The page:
President Barack Obama and Cuban President Raul Castro are expected to speak in-person on Saturday—a historic and much anticipated face-to-face discussion aimed at thawing chilly relations between the two nations which began during the Cold War-era.
The White House said details on the upcoming meeting during the Summit of the Americas in Panama City were still being worked out on Friday. However, steps toward what Rhodes called a discussion of "normalizing of relations" moved forward on Wednesday when Obama and Castro spoke by phone.
"We certainly anticipate that they will have a discussion tomorrow on the context of the summit," deputy national security adviser Ben Rhodes said in a press briefing on Friday.
The last encounter between the two leaders was during Nelson Mandela’s memorial service when Obama and Castro shook hands. Saturday’s meeting, which White House officials stressed would be on the sidelines of the summit’s events, is expected to be one of the highlights to come out of the summit.
This week's summit is the first time Cuba has been included among the Central, North and South American countries invited to attend. For decades, the U.S. had blocked Cuba from participating.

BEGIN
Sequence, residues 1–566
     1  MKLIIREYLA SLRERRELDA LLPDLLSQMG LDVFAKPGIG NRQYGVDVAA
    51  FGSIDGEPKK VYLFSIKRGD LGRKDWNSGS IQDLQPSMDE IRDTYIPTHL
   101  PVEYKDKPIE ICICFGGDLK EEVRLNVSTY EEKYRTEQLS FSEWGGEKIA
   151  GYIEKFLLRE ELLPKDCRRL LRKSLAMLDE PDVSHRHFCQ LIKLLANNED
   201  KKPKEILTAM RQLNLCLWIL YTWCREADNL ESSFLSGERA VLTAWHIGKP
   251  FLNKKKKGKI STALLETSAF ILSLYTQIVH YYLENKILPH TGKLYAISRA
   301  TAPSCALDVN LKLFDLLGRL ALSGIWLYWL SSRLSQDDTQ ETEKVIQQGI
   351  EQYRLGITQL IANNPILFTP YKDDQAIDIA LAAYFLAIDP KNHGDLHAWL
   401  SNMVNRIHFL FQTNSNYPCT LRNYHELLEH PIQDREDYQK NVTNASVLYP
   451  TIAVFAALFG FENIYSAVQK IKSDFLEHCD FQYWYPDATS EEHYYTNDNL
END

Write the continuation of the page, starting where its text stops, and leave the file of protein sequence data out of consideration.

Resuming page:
"I think they understood that this is obviously a very unique occurrence in the Americas—the first Summit of the Americas that Cuba's participated in," Rhodes said of the two leaders' phone conversation earlier in the week.
Rhodes did not share updates on a decision on whether Cuba will be removed from the U.S. list of terrorism-sponsored countries.
The summit has also provided an opportunity for the U.S. to underscore its commitment to working with regional leaders to help curb human and drug trafficking, criminal activities Obama said “thrives when people feel they have no other pathway to success.”
During a roundtable of Central American leaders on Friday, Guatemala President Otto Pérez Molina thanked the U.S. for its commitment to the region and discussed progress made since last year’s migration crisis of unaccompanied minors at the southern border with Mexico.
“We know we have challenges but that the United States is interested in making sure challenges are faced together,” Molina said adding he looked forward to working with the U.S. to find long- and mid-range solutions to other challenges.
President Obama noted his budget includes $1 billion to support initiatives in the region and said he looked forward to brainstorming governance and transparency solutions with other nations.
“It is up to us to make sure the United States stands in solidarity and partnership with the countries around this table,” Obama said.